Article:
HTML and CSS Reference
In-Depth Information
basic fallback solution. In such cases, feature detection can be used to discriminate
incapable browsers.
Going back to the strftime example, if we don't want to support
enhanced features in browsers that cannot handle a function argument to
String.prototype.replace , we simply abort the definition of the method in
browsers in which this feature test fails. Interfaces that use this method may choose
to do the same, i.e., if the strftime method is not available, higher level enhance-
ments that depend on it can choose to abort as well. As long as feature detection
is built into every layer of the application, avoiding some or all enhancements in
inadequate browsers should not be too complicated. The upside of this approach
is that it will work with all browsers that don't support the required functionality,
old and new alike, and even those we aren't aware of.
10.6.2 Undetectable Features
Some features are hard to detect. An example can be found in how Internet Ex-
plorer 6 renders certain replaced elements, such as select lists. Displaying another
element over such a list will cause the list to show through the overlaid element.
The quirk can be fixed by layering an iframe behind the overlay. Even if we cannot
detect this problem, the fix is not known to cause problems in other browsers, and
so can be safely employed in all browsers. If the fix to a problem won't have ill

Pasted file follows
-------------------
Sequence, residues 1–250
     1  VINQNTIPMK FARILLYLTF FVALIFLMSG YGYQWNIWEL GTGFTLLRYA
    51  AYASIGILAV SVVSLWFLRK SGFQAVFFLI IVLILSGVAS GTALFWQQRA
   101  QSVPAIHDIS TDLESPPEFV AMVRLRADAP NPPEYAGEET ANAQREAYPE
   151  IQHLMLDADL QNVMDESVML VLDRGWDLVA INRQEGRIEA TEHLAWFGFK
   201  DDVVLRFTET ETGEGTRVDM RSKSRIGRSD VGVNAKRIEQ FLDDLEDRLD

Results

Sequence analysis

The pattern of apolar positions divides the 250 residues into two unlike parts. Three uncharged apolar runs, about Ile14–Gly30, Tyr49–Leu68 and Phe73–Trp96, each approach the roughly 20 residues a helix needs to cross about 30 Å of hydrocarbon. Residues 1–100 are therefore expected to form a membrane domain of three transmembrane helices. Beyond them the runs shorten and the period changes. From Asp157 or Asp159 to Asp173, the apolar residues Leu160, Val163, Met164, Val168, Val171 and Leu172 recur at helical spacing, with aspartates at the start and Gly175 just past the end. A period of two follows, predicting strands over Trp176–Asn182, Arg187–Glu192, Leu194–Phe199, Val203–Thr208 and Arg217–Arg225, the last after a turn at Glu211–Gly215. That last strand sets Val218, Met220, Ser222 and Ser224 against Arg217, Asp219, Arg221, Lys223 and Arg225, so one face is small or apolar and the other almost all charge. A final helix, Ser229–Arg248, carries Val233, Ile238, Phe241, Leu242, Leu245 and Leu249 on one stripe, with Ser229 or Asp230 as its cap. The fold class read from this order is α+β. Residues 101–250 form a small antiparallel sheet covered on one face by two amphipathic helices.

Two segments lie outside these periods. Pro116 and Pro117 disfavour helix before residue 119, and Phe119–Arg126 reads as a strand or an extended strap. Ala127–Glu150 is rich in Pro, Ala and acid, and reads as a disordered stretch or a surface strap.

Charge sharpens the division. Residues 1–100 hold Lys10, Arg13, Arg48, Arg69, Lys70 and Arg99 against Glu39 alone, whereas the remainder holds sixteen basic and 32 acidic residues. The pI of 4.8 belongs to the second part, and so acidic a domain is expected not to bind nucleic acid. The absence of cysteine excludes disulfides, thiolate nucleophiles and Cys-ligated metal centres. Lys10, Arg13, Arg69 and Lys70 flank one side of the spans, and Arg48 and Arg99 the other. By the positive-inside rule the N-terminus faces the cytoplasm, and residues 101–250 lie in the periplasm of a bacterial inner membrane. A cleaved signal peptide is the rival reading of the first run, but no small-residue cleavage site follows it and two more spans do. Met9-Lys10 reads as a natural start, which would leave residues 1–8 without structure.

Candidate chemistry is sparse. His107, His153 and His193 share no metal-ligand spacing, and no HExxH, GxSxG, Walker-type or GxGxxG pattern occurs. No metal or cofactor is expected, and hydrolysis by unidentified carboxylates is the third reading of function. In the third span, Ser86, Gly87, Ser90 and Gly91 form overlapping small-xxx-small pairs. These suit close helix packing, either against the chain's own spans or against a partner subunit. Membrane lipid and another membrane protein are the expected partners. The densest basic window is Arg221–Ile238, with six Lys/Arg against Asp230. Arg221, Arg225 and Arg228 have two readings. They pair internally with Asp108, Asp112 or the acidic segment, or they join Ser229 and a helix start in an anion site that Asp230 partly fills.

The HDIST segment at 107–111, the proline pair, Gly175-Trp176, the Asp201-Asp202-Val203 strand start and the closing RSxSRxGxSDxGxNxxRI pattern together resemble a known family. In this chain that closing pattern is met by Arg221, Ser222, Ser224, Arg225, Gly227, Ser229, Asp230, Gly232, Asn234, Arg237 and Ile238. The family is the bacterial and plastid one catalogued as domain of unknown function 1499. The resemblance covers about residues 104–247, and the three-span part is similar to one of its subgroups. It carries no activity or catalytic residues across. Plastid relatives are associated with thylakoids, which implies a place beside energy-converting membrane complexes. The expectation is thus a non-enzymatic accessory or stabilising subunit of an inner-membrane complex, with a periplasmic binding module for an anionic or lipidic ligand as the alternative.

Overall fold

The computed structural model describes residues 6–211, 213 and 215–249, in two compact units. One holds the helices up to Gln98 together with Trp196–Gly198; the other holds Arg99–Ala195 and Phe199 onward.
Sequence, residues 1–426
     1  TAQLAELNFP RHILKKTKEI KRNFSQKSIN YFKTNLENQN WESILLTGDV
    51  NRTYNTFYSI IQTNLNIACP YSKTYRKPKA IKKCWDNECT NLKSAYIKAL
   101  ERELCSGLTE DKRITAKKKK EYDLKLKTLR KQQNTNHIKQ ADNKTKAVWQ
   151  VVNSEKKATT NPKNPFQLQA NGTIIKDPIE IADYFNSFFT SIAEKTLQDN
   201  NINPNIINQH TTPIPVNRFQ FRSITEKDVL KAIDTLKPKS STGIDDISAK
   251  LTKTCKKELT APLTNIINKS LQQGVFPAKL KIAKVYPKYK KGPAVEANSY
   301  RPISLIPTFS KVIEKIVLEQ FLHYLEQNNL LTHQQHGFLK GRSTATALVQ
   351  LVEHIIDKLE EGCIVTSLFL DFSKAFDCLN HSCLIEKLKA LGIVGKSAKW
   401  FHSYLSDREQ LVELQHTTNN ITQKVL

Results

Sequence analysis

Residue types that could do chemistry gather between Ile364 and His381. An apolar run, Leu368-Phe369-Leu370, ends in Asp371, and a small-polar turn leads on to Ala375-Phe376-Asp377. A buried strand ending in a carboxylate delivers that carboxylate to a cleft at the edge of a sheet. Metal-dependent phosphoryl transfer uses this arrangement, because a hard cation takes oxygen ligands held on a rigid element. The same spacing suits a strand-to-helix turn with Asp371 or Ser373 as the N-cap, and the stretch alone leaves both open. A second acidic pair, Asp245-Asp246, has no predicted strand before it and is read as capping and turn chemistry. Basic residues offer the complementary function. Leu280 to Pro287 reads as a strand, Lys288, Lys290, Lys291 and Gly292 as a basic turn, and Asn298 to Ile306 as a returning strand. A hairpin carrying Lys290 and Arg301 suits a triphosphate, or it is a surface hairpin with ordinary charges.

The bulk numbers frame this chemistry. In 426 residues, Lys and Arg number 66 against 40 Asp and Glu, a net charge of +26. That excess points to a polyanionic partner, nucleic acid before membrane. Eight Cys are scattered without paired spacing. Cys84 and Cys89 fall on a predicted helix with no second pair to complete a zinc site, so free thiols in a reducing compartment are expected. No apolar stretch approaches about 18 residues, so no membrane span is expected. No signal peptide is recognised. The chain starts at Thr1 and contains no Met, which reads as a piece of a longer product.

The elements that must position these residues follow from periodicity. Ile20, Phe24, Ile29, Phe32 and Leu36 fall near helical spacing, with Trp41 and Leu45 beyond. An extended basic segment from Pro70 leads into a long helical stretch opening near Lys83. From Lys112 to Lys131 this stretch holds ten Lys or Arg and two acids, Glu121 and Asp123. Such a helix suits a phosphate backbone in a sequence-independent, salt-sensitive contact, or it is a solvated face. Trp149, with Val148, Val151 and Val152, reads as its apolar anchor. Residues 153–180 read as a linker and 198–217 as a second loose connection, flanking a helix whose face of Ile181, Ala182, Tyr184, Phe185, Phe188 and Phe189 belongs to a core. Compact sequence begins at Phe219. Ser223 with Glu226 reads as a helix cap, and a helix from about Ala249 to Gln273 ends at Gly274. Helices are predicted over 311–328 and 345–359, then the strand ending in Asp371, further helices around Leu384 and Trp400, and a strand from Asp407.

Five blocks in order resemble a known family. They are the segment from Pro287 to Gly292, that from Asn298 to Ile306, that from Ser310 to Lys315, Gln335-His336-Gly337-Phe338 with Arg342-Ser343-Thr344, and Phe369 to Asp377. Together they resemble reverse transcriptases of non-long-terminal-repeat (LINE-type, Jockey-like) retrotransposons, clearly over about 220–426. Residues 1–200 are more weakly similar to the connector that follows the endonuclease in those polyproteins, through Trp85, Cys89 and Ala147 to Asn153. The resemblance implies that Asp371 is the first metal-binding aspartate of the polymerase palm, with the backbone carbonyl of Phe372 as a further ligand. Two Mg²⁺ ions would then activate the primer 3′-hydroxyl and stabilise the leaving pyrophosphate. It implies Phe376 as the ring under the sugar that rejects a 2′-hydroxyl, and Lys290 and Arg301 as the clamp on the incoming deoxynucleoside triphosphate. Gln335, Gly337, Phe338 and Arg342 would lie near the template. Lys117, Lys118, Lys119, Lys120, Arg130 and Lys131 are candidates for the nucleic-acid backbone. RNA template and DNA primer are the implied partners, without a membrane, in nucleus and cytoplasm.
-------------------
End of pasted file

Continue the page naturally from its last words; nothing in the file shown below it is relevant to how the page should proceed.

effects in any browsers, applying the fix for everyone can often be simpler than de-
tecting the problem. Before applying a fix preemptively, it's a good idea to consider
performance implications.
Designing the problem away is another technique that is highly effective at
avoiding cross-browser woes. For instance, IE's implementation of getElement-
ById will gladly return elements whose name property matches the provided id.
This problem is simple to detect and work around, yet it is even simpler to make
sure HTML elements never use ids that match some name property on the page,
perhaps by prefixing ids.
10.7 Summary
In this chapter we dove into feature detection, the most reliable and future proof
technique available for writing cross-browser JavaScript. Browser sniffing in various
forms has several pitfalls, and cannot be trusted. Not only is this technique unreliable
and brittle, but it also requires knowledge about specific browsers in a way that make
it a maintainability nightmare.
Search WWH ::

Custom Search